Big Week for MGM.
Murren was pleased to have the MGM become the first to test these waters. MGM has now set the market rate for the cost of doing business of this kind directly with a professional sports league.
It’s been quite a week in MGM announcements, with news of its joint venture with the announced formation on Monday of a sports betting and online gaming joint venture with British betting group GVC Holdings Plc, owner of the Coral, Ladbrokes and Sportingbet brands.
Further on Monday, MGM and Boyd Gaming announced a new partnership on Monday that will expand MGM’s portfolio into states likely to offer sports betting and/or online gaming in the coming months or years. The partnership has an eye toward jurisdictions where either Boyd Gaming or MGM operates physical casino resorts and should be able to obtain licenses to operate online.
“We needeto have great brands, which we have at MGM. We needed the right market access in the U.S. We have that. … we also need the best in-game betting experience which we get with GVC, and now we have tremendous data,” Murren summed it up.
He remarked that all of these pieces has MGM primed to “win” in the expanding U.S. sports betting market.
There was some news for New Jersey sportes betting tucked at the end of the presser, too. Said Murren: “At the end of this week we’ll be taking mobile bets from The Borgata via the Play MGM app.”
Don’t be a Square: Subscribe to our once-a-week newsletter for the latest sports betting news and insights
Get the latest content first.
We respect your privacy.
Don’t be a Square: Subscribe to our once-a-week newsletter for the latest sports betting news and insights
The post Players’ Claim of ‘Serious Consequences’ of Sports Betting Is A Hail Mary appeared first on SportsHandle.
Professional athletes are hungry for competition and compensation, and they’re now seeing the same thing as leagues, owners and gaming businesses. With an expansion of legal sports wagering taking root in the U.S., players want a nice piece of the sports betting pie.
But same as the leagues that employ them, players’ unions for the major professional sports organizations are seeking some cut of the revenue based on a faulty, self-serving premise. The leagues, of course, are asking for a direct cut of sports betting revenue based on a claim in two dozen states for a poorly-received request for a sports betting “integrity fee” or “royalty.” Now, the players’ associations are taking the position that legal sports wagering poses a pernicious threat to athletes.
As reported by ESPN’s David Purdum, Casey Schwab, Vice President of Business and Legal Affairs for the National Football League Players Association (NFLPA), said last week of expanded legal wagering: “There are serious consequences, particularly for the athletes. Because of those consequences, the athlete’s voice must be heard, particularly as we contemplate sports betting in the country.”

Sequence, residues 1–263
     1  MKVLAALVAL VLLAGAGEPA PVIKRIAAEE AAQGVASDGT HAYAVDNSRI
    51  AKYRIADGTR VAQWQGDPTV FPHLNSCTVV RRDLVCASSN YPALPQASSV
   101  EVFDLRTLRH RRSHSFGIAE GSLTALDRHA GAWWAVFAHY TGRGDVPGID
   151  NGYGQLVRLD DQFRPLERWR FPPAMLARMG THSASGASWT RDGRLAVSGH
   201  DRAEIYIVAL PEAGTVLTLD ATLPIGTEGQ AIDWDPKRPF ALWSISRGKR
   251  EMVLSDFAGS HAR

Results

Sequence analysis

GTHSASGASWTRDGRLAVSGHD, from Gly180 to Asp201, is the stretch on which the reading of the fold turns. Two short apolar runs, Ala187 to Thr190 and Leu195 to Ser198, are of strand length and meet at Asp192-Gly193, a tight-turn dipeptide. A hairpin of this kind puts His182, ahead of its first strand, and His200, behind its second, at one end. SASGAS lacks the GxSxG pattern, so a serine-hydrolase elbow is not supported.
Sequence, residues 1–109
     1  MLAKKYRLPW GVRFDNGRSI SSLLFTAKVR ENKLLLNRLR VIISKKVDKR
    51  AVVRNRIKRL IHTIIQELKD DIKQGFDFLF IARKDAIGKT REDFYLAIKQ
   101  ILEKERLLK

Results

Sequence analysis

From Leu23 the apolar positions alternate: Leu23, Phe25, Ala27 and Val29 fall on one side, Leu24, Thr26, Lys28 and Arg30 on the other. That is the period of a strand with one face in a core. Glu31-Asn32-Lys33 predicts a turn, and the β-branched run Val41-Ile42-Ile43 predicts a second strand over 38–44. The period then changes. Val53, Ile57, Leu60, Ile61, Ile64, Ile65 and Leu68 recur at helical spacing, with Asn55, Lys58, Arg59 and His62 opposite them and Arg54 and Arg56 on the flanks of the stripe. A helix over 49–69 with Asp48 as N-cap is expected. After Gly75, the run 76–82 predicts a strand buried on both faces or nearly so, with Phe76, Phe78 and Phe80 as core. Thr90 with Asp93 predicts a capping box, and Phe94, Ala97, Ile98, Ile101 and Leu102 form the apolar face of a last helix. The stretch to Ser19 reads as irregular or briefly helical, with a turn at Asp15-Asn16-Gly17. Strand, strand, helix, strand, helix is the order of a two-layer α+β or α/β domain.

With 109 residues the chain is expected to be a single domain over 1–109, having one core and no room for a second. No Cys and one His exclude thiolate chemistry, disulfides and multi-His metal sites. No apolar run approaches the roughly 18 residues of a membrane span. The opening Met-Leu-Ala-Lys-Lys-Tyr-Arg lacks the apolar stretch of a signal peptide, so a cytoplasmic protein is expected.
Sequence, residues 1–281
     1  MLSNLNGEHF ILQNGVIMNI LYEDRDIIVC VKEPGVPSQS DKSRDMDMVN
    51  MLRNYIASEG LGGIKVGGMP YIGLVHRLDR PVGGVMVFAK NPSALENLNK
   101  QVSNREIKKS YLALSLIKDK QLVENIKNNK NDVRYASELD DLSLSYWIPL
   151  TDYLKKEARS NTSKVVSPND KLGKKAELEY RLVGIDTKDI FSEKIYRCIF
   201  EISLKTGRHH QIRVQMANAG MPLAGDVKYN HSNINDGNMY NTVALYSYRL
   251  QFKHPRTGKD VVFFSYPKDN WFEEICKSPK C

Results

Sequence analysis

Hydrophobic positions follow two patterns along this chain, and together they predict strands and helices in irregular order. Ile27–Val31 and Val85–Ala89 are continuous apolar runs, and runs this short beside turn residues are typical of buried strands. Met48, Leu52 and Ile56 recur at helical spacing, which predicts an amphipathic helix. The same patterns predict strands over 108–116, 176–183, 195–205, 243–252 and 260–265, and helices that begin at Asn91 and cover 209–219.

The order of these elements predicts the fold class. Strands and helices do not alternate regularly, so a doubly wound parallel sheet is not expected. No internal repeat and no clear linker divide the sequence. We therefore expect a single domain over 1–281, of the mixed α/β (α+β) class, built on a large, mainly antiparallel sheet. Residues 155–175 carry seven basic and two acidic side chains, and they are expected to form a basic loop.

With The Number of Legal Sports Betting States Set to Increase, Now All of a Sudden Players’ Unions Change Claim ‘Serious Consequences’ Afoot.
Per Purdum, Schwab said the unions are concerned foremost with player privacy, data and their public perception — moreso than sports betting monetization opportunities. But now after years of being public figures, of having injury reports an accepted reality and of having reporters in their faces, for the players associations to now get amped up is ridiculous. When it comes down to it, nothing will be changing for the players or players’ unions in a world with expanded legal sports betting.
Wagering on games and specific player events has long existed in the form illegalwagering (a humongous market that will continue to exist), regular fantasy sports and daily fantasy sports. With a legal sports wagering expansion, it’s business as usual for the players. They will not be required to do anything differently. They want a piece of the pie — and naturally they would, business is business — but their argument is a Hail Mary and Aaron Rodgers isn’t at quarterback.
The argument is an extension of an April joint statement put out on behalf of all four of the major pro sports leagues. They wrote:
“The time has come to address not just who profits from sports gambling, but also the costs. Our unions have been discussing the potential impact of legalized gambling on players’ privacy and publicity rights, the integrity of our games and the volatility on our businesses.”
The unions are making an obvious emotional appeal.
The above “consequences” position boils down to the claim that fantasy sports and bettors already “dehumanize” athletes on social media after games, per NFLPA president Eric Winston, and that expanded legal sports wagering will exacerbate that.